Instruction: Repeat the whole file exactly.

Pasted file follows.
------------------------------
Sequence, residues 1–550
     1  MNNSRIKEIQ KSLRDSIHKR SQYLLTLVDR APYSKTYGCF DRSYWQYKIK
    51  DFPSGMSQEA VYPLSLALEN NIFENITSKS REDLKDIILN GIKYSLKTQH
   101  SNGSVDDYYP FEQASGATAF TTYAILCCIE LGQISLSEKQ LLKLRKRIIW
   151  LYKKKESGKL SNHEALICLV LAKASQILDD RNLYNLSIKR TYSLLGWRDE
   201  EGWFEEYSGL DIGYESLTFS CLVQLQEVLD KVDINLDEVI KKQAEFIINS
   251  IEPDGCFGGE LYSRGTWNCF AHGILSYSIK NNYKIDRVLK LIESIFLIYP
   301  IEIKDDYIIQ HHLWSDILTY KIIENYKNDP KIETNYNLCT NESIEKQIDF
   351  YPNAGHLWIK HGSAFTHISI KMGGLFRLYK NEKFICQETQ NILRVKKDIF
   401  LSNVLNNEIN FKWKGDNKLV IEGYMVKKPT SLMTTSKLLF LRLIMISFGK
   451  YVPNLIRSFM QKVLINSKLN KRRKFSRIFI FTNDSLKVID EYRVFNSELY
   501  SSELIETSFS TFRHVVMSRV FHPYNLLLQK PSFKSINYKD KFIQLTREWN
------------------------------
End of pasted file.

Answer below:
Sequence, residues 1–550
     1  MNNSRIKEIQ KSLRDSIHKR SQYLLTLVDR APYSKTYGCF DRSYWQYKIK
    51  DFPSGMSQEA VYPLSLALEN NIFENITSKS REDLKDIILN GIKYSLKTQH
   101  SNGSVDDYYP FEQASGATAF TTYAILCCIE LGQISLSEKQ LLKLRKRIIW
   151  LYKKKESGKL SNHEALICLV LAKASQILDD RNLYNLSIKR TYSLLGWRDE
   201  EGWFEEYSGL DIGYESLTFS CLVQLQEVLD KVDINLDEVI KKQAEFIINS
   251  IEPDGCFGGE LYSRGTWNCF AHGILSYSIK NNYKIDRVLK LIESIFLIYP
   301  IEIKDDYIIQ HHLWSDILTY KIIENYKNDP KIETNYNLCT NESIEKQIDF
   351  YPNAGHLWIK HGSAFTHISI KMGGLFRLYK NEKFICQETQ NILRVKKDIF
   401  LSNVLNNEIN FKWKGDNKLV IEGYMVKKPT SLMTTSKLLF LRLIMISFGK
   451  YVPNLIRSFM QKVLINSKLN KRRKFSRIFI FTNDSLKVID EYRVFNSELY
   501  SSELIETSFS TFRHVVMSRV FHPYNLLLQK PSFKSINYKD KFIQLTREWN